Xiaomi pushes ahead with Hong Kong IPO amid stand-off with China regulator
The smartphone maker has shelved a plan to issue CDRs in mainland China, after the regulator demanded answers to 84 questions including why it positions itself as an internet company
Chinese smartphone maker Xiaomi aims to raise as much as US$6.1 billion from its Hong Kong shares listing next month after shelving a plan to sell Chinese depositary receipts (CDRs) in mainland China, according to people familiar with the matter.
Xiaomi plans to issue around 2.18 billion shares in its Hong Kong stock market debut, scheduled for July 9, at an indicative price range of HK$17 to HK$22 per share, collecting up to HK$48 billion (US$6.1 billion), the sources said.
That would make it Hong Kong’s largest IPO since Postal Savings Bank of China’s US$7.4 billion float in September 2016, and also the world’s biggest tech listing since Alibaba’s US$25 billion IPO in 2014.
The company will start taking institutional investors’ orders on Thursday.
On Tuesday, Xiaomi announced it would postpone its original plan to issue CDRs in the domestic market, and instead go public in Hong Kong first. The company said it will reconsider the CDR plan at a later stage.
The CDR system, which is being piloted in China, allows domestic investors to buy shares in overseas-listed firms.
Previously, Xiaomi had been aiming to raise as much as US$10 billion in its IPO, splitting the shares between Hong Kong and Shanghai.
Xiaomi did not provide a reason for its sudden decision to change tack, but it comes after the regulator appeared to challenge the original pricing of the IPO, which would have valued the company far higher than Apple in terms of price-to-earnings. The China Securities Regulatory Commission (CSRC) sent Xiaomi a list of 84 questions last week in response to its latest IPO prospectus.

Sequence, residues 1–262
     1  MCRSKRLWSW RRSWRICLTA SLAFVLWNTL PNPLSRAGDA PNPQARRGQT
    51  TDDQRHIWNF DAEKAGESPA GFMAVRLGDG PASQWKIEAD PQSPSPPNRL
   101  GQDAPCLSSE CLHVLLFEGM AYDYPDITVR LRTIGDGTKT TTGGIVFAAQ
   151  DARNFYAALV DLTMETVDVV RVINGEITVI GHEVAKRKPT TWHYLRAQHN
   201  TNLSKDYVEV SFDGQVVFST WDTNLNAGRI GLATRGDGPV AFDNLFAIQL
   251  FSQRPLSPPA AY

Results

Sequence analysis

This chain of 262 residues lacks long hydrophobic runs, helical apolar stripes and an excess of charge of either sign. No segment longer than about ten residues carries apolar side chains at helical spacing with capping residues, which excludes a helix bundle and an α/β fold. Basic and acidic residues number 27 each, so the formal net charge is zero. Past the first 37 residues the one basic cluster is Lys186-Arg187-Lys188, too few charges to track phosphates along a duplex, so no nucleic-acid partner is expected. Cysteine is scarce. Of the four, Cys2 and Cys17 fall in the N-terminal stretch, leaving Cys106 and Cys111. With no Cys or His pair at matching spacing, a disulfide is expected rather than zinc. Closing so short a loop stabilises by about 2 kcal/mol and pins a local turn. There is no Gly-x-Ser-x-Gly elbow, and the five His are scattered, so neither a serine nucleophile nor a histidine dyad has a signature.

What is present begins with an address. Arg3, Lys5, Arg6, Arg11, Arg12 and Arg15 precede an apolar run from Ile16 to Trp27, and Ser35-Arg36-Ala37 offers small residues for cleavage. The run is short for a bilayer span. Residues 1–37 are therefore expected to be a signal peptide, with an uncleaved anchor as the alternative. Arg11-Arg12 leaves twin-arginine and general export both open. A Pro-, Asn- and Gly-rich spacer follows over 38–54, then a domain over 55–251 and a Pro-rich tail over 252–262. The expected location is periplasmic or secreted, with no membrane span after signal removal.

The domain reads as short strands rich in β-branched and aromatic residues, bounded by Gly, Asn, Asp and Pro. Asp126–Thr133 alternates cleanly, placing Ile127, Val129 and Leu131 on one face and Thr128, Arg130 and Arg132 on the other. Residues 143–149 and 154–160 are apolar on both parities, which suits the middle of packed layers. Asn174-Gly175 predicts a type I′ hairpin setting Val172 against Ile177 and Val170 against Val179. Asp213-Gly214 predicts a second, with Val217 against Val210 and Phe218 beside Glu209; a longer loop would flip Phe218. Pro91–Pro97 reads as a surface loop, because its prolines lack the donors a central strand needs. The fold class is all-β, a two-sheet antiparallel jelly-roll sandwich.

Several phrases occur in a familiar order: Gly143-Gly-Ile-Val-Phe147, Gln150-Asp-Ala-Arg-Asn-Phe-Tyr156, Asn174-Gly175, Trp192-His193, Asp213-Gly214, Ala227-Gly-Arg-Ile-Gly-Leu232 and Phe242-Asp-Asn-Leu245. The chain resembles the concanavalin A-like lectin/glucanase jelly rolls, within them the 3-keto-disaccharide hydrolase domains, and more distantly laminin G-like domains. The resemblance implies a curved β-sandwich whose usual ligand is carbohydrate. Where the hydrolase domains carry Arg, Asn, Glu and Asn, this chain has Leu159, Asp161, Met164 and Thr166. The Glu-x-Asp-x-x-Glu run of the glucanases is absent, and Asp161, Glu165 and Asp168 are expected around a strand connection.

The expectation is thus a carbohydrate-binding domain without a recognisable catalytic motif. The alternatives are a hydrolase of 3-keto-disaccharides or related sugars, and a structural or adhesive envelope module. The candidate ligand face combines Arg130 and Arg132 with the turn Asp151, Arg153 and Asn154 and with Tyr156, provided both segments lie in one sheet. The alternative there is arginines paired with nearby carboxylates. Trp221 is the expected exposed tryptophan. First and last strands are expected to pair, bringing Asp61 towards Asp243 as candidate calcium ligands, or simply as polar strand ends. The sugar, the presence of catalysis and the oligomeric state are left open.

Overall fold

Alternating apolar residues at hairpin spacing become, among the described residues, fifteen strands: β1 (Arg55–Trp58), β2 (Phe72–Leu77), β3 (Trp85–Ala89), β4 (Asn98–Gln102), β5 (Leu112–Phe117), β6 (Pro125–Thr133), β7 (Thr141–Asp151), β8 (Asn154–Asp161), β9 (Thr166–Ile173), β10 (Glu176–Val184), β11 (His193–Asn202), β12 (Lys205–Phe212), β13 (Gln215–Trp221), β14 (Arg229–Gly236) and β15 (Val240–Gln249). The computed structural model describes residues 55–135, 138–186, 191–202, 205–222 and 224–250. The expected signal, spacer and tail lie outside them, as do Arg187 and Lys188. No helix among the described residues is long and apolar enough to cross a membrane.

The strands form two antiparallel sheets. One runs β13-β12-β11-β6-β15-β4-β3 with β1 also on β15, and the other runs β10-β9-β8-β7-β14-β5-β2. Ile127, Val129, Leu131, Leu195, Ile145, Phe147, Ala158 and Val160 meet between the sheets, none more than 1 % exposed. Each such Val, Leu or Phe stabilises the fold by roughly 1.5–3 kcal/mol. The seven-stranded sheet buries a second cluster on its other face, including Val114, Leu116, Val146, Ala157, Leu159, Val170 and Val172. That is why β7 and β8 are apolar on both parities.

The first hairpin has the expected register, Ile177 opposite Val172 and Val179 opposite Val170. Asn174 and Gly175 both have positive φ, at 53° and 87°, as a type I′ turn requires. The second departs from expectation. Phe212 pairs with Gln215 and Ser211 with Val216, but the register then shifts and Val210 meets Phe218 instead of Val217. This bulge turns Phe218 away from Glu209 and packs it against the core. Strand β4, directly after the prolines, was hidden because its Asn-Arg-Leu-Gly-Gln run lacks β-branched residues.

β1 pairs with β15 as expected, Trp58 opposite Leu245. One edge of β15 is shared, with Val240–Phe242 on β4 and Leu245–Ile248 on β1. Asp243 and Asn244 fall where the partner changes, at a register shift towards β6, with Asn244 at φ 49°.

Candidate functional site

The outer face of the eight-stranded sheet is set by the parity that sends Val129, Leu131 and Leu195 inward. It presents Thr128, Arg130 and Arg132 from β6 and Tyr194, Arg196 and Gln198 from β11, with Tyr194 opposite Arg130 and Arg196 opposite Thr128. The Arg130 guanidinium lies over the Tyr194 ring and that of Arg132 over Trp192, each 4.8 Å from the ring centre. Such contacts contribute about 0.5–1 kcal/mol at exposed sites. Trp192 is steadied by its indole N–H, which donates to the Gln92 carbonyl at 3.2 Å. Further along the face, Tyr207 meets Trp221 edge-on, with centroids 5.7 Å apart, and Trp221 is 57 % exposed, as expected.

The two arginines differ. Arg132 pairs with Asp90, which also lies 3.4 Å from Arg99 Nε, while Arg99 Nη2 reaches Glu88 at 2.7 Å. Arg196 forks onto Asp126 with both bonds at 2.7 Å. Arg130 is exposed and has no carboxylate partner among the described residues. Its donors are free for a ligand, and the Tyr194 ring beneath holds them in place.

The watchdog asked Xiaomi to explain why it positions itself as an internet company given that its smartphone sales accounted for more than 70 per cent of its total revenues, while revenues from its internet business make up less than 10 per cent. Internet firms tend to attract higher valuations than those categorised as manufacturers.
Other questions delved into Xiaomi’s business model, details of its financial conditions, user figures in its internet business, and future profitability.
On Friday, the CSRC warned new-economy companies not to overinflate their valuations before IPOs, as potential wild price swings would hurt smaller investors, who are less capable of identifying and withstanding risks. Individual investors account for 90 per cent of the total pool on the A-share market.
The CSRC said on Tuesday it “respected” Xiaomi’s decision.
The regulator singled out Ping An Good Doctor, ZhongAn Insurance, China Literature, Yixin Group, and Razer as examples of Hong Kong IPOs that have been hugely oversubscribed and therefore priced at the high end of their range, and then gone on to experience wild price swings after listing.